The future of journalism

When a new leap in media technology comes forward, many tend to think it will mean the end of all previous media. Radio, cinema, TV – all were going to kill their immediate predecessor. But they ultimately didn’t: each found a niche, an area of expertise, which the others could not fill.

It happened again with the internet. Indeed, it seemed much more revolutionary, with readily on-demand information, its convergence of different types of media and its interactive capabilities. Many believed it would mean an end to the printed word, but we are now luckily realizing that it won’t. But then, what is the role of journalism in a world where every citizen has the means to report directly what they see?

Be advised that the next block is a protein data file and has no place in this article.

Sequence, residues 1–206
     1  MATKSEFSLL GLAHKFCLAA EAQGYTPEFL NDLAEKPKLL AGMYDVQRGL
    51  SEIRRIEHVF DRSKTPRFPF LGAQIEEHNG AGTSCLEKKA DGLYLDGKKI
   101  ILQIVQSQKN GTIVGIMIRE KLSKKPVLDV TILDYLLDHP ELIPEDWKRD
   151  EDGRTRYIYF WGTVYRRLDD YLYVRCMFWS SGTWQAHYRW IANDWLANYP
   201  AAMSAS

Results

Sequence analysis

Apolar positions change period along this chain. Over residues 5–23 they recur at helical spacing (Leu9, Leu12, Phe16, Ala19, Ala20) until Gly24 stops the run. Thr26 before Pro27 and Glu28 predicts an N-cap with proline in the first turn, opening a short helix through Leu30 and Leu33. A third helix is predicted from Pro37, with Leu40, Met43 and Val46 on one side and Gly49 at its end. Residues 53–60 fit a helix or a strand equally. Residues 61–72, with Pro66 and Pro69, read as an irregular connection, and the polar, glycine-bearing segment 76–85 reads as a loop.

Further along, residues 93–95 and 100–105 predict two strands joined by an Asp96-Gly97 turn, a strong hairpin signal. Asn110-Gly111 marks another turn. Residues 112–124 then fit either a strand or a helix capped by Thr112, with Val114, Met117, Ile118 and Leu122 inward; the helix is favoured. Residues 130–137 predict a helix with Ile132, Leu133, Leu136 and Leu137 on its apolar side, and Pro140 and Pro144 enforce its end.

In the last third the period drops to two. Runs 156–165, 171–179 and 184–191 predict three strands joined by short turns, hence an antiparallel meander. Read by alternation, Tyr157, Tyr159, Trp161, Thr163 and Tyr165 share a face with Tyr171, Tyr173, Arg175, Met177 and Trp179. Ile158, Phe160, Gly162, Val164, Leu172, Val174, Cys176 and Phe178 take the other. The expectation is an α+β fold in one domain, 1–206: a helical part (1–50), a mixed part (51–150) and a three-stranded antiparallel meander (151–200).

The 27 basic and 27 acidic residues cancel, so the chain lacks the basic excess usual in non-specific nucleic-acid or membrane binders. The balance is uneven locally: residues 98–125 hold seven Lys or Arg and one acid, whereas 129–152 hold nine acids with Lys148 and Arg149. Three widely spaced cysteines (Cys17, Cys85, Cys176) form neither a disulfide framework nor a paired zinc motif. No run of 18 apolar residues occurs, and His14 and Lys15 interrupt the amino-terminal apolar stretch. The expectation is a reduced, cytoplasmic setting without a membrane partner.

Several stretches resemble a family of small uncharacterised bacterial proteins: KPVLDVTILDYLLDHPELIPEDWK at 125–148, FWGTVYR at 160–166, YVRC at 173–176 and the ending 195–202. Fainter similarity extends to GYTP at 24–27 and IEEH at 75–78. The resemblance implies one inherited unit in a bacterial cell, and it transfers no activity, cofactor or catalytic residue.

Bill Keller, Executive Editor of The New York Times until last month, talks about old and new media in this interview with our media partner El País.

There is a difference between what Wikipedia and The New York Times say: people go to Wikipedia knowing what they want; but they go to The New York Times, BBC or El País not knowing what they want to know. They come to see what intelligent and well educated people has to tell them about what happened, what matters and what does it mean. Noone has the time to do this by themselves; they pay us for our criteria.
Read more (in Spanish)…

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